The blankety-blank computer crashed when I was nearly finished writing this tale. Everything was gone. The entire post, all three witticisms, and a glimmer of insight. Gone. Created a mental block. Soon, though, I will retell the tale and perhaps uncork the flow. I even checked the version history–no joy.
Two years later (so much for “soon”!)…
So: I grew up in a community called Cabin John Gardens in Cabin John, Maryland. The Gardens was a cooperative that my Dad helped organize. The history was that the Gardens–100 houses on some 18 acres–had been government-owned worker housing, built during WW II for the Navy’s David Taylor Model Basin up the road at Carderock, MD. In the early Fifties Dad had a job at the Model Basin when the government decided to sell the property to a developer who would tear down the houses and build apartments. Dad worked with many of the workers living in those houses, and became one of the leaders of a Co-op formed to bid on the property (Dad, with a Master’s degree in Naval Architecture, was probably the best-educated person in the mostly blue-collar workforce affected). The Co-op was successful; each of 100 members owned one share, and the right to live in one house. There was a monthly Co-op fee to cover debt service and operations; I think it was around $130/month when I was little).
The neighborhood, just south of MacArthur Blvd (formerly Conduit Rd) and just west of the Cabin John Union Arch bridge over Cabin John Creek, was on the site of what had been a classy hotel back in the day (starting in the 1850s). The resort had some well-known Gardens–hence the name of the Co-op. The Gardens was a little cut off from the rest of Cabin John (the township); most of the town was north of MacArthur and closer to the Model Basic. There was a Community Center in the Gardens and a lot of community spirit. People helped each other out, watched each others’ houses and kids, did things together (singing carols, shoveling snow, celebrating the Fourth, and so on). The community center had a social hall, a kitchen, and a workshop with some power tools and workbenches. The houses were tiny: 2- and 3-bedroom ramblers, no garages: so the workshop provided a place for activities that basements and garages support in other communities. (One Christmas season we helped a neighbor construct a model train layout on some 4×8 sheets of plywood.)
There was one resident with a truck that was available for community use. (I speculate that the Co-op either bought the truck, or provided the owner with rent relief; but I don’t know.) It was an old black pickup and it served many uses.
My brother Guy and I were paperboys in the Sixties, Guy delivering the Washington Post while I carried the Evening Star. So we knew how newspapers got into the Gardens. The truck was involved in getting them out. During the Sixties Gardens families saved paper for recycling. (The Co-op contracted for trash removal and probably paid by the ton.) There was a place in Washington DC (in Georgetown, I think) that bought newspapers, and the Co-op figured it was better to make money than to pay money to discard it. Every so often, on Saturdays, some adult drove the truck with 3-5 boys around the Gardens to pick up used newspapers. (Guy and I were often in that crew–we lived across the street from the truck’s usual parking spot.) We’d start off riding in the truck-bed, and ride on top of the cargo as the truck filled up.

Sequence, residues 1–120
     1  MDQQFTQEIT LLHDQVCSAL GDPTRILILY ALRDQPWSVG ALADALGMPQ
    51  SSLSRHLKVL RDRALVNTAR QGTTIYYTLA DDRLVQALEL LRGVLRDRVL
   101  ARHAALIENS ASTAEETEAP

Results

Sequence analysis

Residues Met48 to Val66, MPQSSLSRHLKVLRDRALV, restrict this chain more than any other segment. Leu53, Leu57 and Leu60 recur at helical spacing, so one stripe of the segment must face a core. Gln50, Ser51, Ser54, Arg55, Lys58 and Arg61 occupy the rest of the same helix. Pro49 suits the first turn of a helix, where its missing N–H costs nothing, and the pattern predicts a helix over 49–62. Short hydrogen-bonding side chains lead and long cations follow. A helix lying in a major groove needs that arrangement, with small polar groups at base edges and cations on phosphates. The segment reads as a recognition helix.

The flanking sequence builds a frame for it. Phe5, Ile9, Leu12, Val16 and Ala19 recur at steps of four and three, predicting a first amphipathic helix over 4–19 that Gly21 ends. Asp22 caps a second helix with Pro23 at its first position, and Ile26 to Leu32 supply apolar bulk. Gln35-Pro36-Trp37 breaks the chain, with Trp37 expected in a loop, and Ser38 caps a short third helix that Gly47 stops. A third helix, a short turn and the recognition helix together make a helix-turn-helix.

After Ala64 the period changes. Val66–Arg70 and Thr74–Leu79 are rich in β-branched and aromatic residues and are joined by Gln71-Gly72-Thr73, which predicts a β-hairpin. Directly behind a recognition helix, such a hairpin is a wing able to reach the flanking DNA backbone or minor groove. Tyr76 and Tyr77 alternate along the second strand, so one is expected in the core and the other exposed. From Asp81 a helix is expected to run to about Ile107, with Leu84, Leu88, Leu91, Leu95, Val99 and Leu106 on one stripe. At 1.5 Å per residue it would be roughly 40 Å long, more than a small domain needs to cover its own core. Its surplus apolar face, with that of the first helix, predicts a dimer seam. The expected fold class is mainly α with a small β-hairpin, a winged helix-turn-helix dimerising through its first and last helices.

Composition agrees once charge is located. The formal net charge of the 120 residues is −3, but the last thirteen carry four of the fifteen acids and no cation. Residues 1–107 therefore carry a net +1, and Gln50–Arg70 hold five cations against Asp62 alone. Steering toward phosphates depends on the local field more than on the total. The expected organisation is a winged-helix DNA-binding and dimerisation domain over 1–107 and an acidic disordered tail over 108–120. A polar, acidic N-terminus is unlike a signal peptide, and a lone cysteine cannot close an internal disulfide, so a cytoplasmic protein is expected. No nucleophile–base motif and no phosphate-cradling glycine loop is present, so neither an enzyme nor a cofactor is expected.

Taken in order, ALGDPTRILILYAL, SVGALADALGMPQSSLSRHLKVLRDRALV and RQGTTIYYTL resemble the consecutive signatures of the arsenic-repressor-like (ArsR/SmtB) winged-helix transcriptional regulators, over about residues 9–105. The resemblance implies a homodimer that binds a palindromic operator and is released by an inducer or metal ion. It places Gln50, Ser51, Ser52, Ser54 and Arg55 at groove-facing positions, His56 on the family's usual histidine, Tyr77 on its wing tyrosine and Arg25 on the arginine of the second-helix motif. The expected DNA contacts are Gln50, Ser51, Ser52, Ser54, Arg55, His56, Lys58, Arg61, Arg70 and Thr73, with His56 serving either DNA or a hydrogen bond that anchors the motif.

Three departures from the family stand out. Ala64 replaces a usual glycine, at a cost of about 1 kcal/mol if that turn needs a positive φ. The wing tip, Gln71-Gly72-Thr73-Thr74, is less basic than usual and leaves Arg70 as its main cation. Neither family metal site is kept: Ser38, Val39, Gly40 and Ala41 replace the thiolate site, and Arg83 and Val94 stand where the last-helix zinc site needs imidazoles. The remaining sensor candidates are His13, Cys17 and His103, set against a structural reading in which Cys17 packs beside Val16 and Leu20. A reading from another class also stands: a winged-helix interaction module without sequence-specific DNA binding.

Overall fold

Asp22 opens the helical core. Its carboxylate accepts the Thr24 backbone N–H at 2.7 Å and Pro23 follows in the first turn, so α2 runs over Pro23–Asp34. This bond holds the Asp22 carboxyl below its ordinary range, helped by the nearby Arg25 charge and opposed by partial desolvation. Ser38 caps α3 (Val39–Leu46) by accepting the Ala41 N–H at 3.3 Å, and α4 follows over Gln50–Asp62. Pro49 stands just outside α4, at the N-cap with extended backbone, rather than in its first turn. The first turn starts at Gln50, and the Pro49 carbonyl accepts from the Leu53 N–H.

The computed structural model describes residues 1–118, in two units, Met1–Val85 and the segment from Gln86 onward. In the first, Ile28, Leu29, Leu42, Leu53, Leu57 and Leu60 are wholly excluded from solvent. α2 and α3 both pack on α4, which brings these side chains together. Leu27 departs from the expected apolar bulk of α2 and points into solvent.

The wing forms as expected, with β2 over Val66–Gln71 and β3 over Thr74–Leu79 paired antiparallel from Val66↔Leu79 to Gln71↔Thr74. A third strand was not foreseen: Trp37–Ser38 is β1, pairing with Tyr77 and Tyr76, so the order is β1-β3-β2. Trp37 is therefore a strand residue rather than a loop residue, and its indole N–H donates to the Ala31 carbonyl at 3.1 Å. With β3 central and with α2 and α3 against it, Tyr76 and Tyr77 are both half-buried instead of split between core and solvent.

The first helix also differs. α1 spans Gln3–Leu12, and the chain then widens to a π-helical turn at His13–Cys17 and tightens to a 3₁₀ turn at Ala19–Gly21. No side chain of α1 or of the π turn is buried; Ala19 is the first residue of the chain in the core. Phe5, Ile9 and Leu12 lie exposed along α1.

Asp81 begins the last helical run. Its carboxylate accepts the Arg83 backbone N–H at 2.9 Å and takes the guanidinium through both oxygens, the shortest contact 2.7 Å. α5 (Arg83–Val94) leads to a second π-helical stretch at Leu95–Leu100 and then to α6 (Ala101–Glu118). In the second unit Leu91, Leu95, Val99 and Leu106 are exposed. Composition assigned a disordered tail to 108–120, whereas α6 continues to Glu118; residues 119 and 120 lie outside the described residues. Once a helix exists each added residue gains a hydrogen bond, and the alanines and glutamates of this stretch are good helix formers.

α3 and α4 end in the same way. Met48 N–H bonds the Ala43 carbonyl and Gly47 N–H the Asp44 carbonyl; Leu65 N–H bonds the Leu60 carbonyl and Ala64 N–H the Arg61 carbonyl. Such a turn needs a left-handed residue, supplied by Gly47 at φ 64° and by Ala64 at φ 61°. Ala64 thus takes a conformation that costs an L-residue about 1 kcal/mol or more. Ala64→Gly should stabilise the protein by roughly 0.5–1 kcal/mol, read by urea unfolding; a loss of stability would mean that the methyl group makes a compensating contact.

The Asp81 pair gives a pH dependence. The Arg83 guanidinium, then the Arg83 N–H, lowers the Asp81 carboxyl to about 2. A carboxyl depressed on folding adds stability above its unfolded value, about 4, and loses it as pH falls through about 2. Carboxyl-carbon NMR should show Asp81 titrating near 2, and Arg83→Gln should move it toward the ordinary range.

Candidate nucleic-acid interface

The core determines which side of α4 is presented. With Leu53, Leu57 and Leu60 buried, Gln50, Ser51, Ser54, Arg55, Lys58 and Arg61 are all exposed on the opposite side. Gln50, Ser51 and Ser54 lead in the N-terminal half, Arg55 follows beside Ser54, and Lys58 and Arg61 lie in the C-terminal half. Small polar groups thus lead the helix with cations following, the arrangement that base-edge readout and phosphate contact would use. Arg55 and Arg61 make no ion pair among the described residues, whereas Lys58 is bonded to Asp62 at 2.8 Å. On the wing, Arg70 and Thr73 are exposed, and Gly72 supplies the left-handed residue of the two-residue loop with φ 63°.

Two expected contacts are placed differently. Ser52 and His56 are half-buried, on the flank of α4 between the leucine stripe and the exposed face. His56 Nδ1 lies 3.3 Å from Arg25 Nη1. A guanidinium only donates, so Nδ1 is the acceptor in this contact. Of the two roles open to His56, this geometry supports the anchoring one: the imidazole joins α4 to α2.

This was long before bungee cords; we boys served as the restraints holding the paper from blowing in the wind. Once the truck neared full, we’d hold the truck sides and each other to stay on top of the job (so to speak). When the pickup was complete (not long; just a hundred houses) the truck would head for the dropoff–with boys still holding the paper down in the pickup bed. I still don’t know why that seemed like a good idea, but it made sense at the time. Thrilling and a bit scary; the drivers did not always know the way and there were occasional U-turns to get to missed turnoffs. We’d ride to the collection point; the truck would be weighed (with crew) and we’d unload the paper; a second weighing provided the net weight and the driver collected the cash for the load. We’d head home; I think we usually stopped at High’s in Glen Echo for ice cream cones on the way back.
The truck was often used for hauling building materials to families doing renovations. And Dad used it to haul dirt.
We lived on a corner lot (Ericsson Rd and Froude Circle) and, on the Froude Circle side, the land sloped down from the house to the street. Dad decided to level the yard, which required a retaining wall about three feet high at the lowest point. And it required a lot of dirt to fill in the slope. As it happened, the Navy owned some land on Brickyard Road near the Model Basin and were clearing it for construction–and they invited workers to haul away the fill. So Guy and I, perhaps my brother Lou as well, would get shovels, climb in the truck, and head out to the site. There we’d fill up the truck bed, Dad would check that we weren’t overloading the suspension, and we’d head home.
We kids were a little sorry to see that property cleared; up till then we’d used it as our Christmas tree hunting ground. The trees were all scraggly, so we’d bring home two or three and let Mom pick the best-looking one. But that’s another story.
We gradually got the yard leveled. Dad showed us how to use a string-level to measure the surface and maintain a reliable slope for drainage. Even left a trench for a pipe to carry downspout runoff to the street. I don’t recall how Dad made sure the retaining wall was sturdy, but when I drove past decades later it was still in place. (Dad’s father was a self-employed building contractor working throughout the mid-West, and Dad said he learned his construction skills from accompanying his dad.)
That community truck made a lot of trips–and a lot of memories.